ONCE A FEW VERY LEARNED Sanskrit scholars were sitting in the Old Hall discussing portions of the Upanishads and other scriptural texts with Bhagavan [Sri Ramana Maharshi]. Bhagavan was giving them proper explanations and it was a sight to remember and adore!
At the same time, I felt genuinely in my heart, ‘Oh, how great these people are and how fortunate they are to be so learned and to have such deep understanding and be able to discuss with our Bhagavan. Compared with them, what am I, a zero in scriptural learning?’ I felt miserable. After the pundits had taken leave Bhagavan turned to me and said: “What?”, looking into my eyes and studying my thoughts. Then, without even giving me an opportunity to explain, he continued: “This is only the husk! All this book learning and capacity to repeat the scriptures by memory is absolutely no use. To know the Truth, you need not undergo all this torture of learning. Not by reading do you get the Truth. BE QUIET, that is Truth. BE STILL, that is God.”
Then very graciously he turned to me again and there was an immediate change in his tone and attitude. He asked me: “Do you shave yourself?” Bewildered by this sudden change, I answered, trembling, that I did.
“Ah, for shaving you use a mirror, don’t you? You look into the mirror and then shave your face; you don’t shave the image in the mirror. Similarly all the scriptures are meant only to show you the Way to Realization. They are meant for practice and attainment. Mere book learning and discussions are comparable to a man shaving the image in the mirror.” From that day onwards the sense of inferiority that I had been feeling vanished once for all.
There is a small piece of conversation from the life of Sri Bhagavan which, as far as I am aware, has not been recorded. Though brief, it has remained very vivid in my memory. It was in 1940 that one day, one of the devotees sitting in the hall raised the topic regarding the utility of reading books on religion and philosophy. In reply Sri Bhagavan said:
“You wake up in the morning and look into the mirror and the mirror shows you that you have a growth and that you have to get rid of it. You may go on looking into any number of mirrors; every mirror will tell you the same, but no mirror can ever shave you. You have to shave yourself. Instead of wasting time looking into mirror after mirror it is best to start shaving after having looked into the first mirror and known the truth.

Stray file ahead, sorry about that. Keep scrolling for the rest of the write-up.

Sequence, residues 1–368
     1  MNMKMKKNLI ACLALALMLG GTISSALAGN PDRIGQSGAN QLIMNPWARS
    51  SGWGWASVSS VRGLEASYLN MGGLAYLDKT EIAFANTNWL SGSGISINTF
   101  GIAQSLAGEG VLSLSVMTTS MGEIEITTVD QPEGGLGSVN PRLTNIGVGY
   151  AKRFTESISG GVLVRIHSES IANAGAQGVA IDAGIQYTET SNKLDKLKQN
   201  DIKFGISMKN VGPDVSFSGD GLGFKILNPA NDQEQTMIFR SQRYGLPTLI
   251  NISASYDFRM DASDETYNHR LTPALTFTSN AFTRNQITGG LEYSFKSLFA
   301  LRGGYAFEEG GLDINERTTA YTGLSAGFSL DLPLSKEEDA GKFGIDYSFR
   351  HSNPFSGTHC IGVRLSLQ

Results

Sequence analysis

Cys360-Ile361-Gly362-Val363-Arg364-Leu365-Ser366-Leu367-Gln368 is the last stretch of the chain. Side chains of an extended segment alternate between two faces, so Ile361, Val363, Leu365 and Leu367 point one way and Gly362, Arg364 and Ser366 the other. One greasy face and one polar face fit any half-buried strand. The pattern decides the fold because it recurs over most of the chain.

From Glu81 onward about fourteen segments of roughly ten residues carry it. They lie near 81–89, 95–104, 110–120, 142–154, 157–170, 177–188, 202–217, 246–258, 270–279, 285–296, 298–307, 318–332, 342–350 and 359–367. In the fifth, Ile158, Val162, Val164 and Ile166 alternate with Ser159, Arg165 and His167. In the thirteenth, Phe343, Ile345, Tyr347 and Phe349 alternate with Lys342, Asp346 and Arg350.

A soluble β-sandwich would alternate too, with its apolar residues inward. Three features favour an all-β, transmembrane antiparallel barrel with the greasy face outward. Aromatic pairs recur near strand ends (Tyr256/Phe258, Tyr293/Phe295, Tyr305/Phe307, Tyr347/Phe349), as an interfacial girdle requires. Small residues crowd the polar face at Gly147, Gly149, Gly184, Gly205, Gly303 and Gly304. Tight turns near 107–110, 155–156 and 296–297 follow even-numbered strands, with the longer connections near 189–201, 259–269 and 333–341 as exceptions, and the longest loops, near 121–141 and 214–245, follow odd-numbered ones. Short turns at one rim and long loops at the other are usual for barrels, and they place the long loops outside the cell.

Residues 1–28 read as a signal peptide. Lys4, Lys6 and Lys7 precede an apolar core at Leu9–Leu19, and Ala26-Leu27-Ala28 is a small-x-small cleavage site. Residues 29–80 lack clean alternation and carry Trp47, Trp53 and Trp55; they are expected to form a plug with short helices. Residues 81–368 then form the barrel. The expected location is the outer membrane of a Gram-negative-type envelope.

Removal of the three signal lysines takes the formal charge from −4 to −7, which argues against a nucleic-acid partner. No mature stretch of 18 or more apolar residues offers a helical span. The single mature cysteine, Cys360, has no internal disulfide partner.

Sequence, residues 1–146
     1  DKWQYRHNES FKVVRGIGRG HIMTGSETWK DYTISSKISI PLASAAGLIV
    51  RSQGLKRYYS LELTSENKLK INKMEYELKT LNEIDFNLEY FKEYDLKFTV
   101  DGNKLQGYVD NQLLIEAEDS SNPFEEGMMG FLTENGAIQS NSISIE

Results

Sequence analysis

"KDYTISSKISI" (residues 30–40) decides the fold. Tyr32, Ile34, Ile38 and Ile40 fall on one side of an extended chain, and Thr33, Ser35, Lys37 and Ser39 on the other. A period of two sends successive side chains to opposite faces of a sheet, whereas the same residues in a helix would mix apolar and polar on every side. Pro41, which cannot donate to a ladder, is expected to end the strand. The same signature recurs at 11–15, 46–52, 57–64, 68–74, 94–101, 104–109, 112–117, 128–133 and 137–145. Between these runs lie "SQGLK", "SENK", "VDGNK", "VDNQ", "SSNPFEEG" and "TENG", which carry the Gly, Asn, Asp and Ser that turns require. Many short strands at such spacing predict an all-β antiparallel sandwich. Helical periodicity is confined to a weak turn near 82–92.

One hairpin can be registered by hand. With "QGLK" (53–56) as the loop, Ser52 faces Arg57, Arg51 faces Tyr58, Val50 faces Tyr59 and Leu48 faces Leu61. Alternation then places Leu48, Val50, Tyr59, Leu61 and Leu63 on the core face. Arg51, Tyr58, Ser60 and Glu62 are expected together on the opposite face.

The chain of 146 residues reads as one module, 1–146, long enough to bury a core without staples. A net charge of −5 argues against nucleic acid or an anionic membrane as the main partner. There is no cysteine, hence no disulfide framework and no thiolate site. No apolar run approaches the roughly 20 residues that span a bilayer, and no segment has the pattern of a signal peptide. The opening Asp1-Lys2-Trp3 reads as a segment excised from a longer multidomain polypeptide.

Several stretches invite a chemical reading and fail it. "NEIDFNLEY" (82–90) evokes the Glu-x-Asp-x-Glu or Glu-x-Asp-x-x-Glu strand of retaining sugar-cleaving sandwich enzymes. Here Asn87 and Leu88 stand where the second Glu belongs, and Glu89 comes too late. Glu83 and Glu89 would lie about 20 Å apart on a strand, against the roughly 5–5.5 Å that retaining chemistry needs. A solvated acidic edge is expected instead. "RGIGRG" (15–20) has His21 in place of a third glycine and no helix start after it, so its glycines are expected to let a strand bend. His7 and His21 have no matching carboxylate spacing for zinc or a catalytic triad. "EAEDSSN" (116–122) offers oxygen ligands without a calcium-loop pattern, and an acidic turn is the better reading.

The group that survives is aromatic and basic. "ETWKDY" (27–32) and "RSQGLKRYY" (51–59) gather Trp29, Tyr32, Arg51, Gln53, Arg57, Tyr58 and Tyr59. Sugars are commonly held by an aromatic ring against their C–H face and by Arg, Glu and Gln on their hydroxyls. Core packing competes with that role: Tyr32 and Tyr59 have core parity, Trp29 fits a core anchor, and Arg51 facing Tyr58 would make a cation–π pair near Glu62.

“So also all the books will tell you the same truth, perhaps in slightly different ways. Instead of wasting time reading book after book why not realise for yourself what was obvious from the very first book.”
Text copyright © Sri Ramanasramam. Photo by Chiara Samugheo.
N.R. Narayana Iyer (also spelled Aiyer) was a direct disciple of Sri Ramana Maharshi.
Sri Ramana Maharshi said, “As for reading books on Vedanta, you may go on reading any number of them. They can only tell you, ‘Realise the Self within you’. The Self cannot be found in books. You have to find it out for yourself, in yourself.”
By N.R. Narayana Aiyer
N.R. Narayana Aiyer was a direct devotee of Sri Ramana Maharshi.
Very few books were written by Ramana’s direct devotees that give step-by-step instructions for practicing Self-enquiry. This is one of them.
The instructions in this book differ from those given, for example, by Sadhu Om in that they emphasize the use of japa, pranayama, and attention to the subtle Heart as means for attenuating the mind.
By Sri Munagala Venkataramiah and Sri Ramana Maharshi
For serious students of Ramana Maharshi there are two Bibles, one written in prose and the other in verse. This one is prose. (The verse Bible is Guru Vachaka Kovai.) It contains 724 pages of conversations that occurred from 1935 to 1939 between Sri Ramana and his visitors who traveled to south India from all over the world to ask for advice from the man whom many regard as the greatest realized teacher of the twentieth century. The text consists not of transcripts, as one might expect, but summaries and paraphrases recorded mostly from memory by the compiler. The reason for this strange format is that the compiler was prohibited by ashram rules from writing in the hall where Sri Ramana spoke. As a result the book's prose is unnatural but nonetheless lucid, direct, literate, and pleasant to read.
This page was published on January 17, 2019 and last revised on January 25, 2019.